Borealis Founder Matt Guertin Talks With Climber Peter Lenz
Nature is our jam, it’s where we go to reset, recharge, and be inspired. Too many days without a paddle, cycle or trek through the woods and we start to get the jitters. Fortunately for us, our region is gifted with a bounty of beautiful, wild places, as well as vital community of explorers, adventurers, and outdoor athletes who share this passion for wild pursuits. From weekend hammock parties to north shore ultra marathons, the spirit of outdoor enjoyment is strong here in the north. Wether it is regional exploration or a jumping off point to far-flung destinations, opportunities abound to get out, take it in, and receive nature's good tidings. As a way to pay homage to these people, places and pursuits, we’ll be featuring some of the folks who get out there, get stoked and make it happen.
“We are now in the mountains and the mountains are in us.” -John Muir
Matt: What motivated you to get into climbing?
Peter: I wanted to try climbing for a long time. But, I just never know how to start. Before I ever tied in I even owned a copy of the mountaineering bible Freedom of the Hills, and read it and daydreamed over it often. Eventually a Special Lady Friend got me to the climbing gym, then on actual rock and vertical ice. After she moved away I knew I wanted to keep at it. I really liked the adventure of climbing, the culture of exploration and the mental and physical challenges and rewards of the activity. So, I kept going to the gym, met new climbing partners and generally did my best to immerse myself in the community. I met some fantastic people that I now can call friends. During this time, I tried hard not to be a jerk - I think this got me invited on climbing trips. Those were amazingly fun. And continue to be.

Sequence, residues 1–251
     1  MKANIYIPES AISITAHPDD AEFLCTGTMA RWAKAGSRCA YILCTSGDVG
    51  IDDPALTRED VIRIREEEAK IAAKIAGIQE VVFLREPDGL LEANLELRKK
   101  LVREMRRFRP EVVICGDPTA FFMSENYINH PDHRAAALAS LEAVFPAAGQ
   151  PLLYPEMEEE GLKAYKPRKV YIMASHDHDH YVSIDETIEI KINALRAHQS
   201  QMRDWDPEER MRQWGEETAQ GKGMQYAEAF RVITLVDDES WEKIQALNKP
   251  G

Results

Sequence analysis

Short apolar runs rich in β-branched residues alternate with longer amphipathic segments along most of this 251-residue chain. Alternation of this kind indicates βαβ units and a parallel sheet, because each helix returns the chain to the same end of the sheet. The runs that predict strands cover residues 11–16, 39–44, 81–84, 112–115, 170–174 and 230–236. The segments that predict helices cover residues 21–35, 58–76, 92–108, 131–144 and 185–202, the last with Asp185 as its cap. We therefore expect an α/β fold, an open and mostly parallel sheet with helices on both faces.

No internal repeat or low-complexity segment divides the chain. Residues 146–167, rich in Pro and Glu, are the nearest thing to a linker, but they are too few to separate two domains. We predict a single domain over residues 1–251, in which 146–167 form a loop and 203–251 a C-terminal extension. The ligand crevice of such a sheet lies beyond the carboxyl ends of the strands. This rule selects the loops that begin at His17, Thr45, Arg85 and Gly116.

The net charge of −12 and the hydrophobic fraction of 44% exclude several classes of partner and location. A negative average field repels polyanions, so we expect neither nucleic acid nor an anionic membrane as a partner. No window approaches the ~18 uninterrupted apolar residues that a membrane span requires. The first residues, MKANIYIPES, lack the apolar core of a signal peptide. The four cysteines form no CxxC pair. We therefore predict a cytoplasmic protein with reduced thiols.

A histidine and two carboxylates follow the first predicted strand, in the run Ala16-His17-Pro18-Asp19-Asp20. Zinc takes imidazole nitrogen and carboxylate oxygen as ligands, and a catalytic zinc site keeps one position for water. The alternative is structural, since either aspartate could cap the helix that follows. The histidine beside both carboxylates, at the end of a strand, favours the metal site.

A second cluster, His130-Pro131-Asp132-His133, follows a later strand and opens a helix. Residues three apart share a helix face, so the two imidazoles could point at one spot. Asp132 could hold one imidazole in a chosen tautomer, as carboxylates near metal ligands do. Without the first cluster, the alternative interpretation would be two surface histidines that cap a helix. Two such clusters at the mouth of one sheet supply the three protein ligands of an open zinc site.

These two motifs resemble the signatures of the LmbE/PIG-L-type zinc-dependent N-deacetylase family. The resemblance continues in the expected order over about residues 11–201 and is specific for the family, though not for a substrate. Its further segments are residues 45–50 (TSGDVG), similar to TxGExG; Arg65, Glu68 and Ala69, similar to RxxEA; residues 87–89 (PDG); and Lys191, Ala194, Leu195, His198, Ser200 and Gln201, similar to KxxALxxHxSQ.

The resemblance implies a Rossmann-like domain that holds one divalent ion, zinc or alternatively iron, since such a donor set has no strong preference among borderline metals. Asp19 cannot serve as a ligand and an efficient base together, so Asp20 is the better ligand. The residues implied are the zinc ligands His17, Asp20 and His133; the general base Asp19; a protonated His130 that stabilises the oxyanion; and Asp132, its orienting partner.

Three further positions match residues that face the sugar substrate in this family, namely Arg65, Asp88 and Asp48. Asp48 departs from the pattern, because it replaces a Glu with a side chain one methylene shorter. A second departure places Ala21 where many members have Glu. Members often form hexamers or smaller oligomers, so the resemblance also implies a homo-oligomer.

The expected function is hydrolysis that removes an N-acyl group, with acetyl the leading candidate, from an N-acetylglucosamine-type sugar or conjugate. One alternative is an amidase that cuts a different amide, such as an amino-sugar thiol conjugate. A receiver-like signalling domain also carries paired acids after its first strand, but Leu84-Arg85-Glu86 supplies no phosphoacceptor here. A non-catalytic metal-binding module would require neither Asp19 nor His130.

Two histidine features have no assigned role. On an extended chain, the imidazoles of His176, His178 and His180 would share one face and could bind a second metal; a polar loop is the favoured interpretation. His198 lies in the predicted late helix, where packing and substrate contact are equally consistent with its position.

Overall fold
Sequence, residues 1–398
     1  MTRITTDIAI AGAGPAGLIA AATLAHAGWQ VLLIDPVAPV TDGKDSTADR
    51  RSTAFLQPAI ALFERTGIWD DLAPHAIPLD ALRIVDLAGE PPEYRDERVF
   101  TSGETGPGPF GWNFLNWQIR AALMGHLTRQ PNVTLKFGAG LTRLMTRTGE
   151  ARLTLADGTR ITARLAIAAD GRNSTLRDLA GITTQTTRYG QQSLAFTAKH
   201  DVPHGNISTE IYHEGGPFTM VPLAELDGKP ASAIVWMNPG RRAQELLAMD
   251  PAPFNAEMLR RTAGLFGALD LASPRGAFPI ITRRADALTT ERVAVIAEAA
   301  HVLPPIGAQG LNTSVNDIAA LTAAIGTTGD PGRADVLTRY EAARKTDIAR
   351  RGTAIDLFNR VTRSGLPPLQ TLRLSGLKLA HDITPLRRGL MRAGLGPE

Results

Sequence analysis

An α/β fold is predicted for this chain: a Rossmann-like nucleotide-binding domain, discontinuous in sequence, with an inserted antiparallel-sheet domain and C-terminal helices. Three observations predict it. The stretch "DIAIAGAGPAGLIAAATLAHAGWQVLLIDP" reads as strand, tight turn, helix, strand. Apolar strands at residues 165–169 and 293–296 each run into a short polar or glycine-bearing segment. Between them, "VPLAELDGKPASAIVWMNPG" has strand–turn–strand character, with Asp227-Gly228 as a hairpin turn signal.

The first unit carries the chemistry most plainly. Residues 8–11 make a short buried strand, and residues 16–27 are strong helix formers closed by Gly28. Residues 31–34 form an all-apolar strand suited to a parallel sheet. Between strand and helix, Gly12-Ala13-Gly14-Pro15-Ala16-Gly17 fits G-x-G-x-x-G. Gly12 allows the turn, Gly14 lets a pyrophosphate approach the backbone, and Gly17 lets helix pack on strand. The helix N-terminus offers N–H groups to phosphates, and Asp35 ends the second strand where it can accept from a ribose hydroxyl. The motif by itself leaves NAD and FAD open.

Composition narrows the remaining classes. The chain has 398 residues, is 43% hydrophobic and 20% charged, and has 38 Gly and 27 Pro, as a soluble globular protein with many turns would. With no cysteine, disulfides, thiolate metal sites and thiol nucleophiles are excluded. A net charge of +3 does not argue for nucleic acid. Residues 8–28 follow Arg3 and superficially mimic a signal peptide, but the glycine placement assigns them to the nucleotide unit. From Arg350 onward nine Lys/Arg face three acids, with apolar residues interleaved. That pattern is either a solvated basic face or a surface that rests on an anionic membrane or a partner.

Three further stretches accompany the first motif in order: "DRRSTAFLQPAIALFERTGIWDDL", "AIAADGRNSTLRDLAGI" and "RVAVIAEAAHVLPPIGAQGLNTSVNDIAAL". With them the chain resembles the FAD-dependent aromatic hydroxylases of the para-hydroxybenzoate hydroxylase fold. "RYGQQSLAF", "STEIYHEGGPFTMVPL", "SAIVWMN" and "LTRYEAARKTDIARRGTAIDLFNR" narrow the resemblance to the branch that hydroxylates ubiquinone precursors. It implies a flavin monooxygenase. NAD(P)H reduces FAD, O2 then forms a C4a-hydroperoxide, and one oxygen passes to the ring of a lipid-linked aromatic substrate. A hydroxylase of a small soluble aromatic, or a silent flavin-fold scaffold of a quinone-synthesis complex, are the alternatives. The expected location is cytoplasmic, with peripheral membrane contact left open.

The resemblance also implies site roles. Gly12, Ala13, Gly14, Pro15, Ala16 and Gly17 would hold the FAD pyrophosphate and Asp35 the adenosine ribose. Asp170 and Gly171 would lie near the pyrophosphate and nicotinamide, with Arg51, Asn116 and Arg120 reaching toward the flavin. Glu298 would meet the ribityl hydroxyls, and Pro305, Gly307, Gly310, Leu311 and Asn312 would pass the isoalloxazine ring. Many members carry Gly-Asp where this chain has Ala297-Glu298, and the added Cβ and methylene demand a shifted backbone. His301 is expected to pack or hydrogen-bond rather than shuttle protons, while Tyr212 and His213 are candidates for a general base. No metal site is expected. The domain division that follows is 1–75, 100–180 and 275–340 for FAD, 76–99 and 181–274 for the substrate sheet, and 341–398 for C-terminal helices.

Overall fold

Matt: Where did you start indoor/outdoor?
Peter: Like most climbers, here in the Midwest at least, I started climbing in the gym. The gym on the University of Minnesota's St. Paul Campus. I do remember my first time climbing outside on real rock. It was here at Interstate State Park. I was more than a bit terrified. But, once I finally trusted the anchor and the safety systems in this new and unfamiliar setting, it was definitely on!
Matt: Did you have a mentor?
Peter: I did not have a solid mentor. But, shortly after getting into the activity I found and devoured any and all climbing information that I could get, from books to reputable internet sites. I learned as much as I could through that. And while not having an "official" mentor I found myself climbing with more experienced people than myself at the time. So I paid close attention to what they were doing - be it setting an anchor, their movement on the rock or ice and their gear and their opinions on all things climbing. I pay little attention to professional climbers. Rather, I keep a closer eye on what some of the local climbers are doing and have done. These are the folks that motivate me more. There have been some amazing climbers come out of Minnesota.
Matt: What's your favorite thing about climbing/tell us about a particularly excellent time you've had while climbing?
Peter: It is getting on some rock or ice outside with friends. While I love trips to The Front Range of Colorado or the crazy rock of Western South Dakota, winter weekend trips to Minnesota's North Shore are always an excellent time. They usually go something along these lines... Leave Friday night after work with a small crew, battle traffic, grab a fast dinner, and get up to The Shore. Likely camp in the snow at a trailhead. Get up the next day, get coffee and find some ice! The finding ice part can entail post-holing through deep snow or snowshoeing up a semi-frozen river - it's all part of the adventure.
Matt: Talk to us about the local climbing community. How would you describe the scene?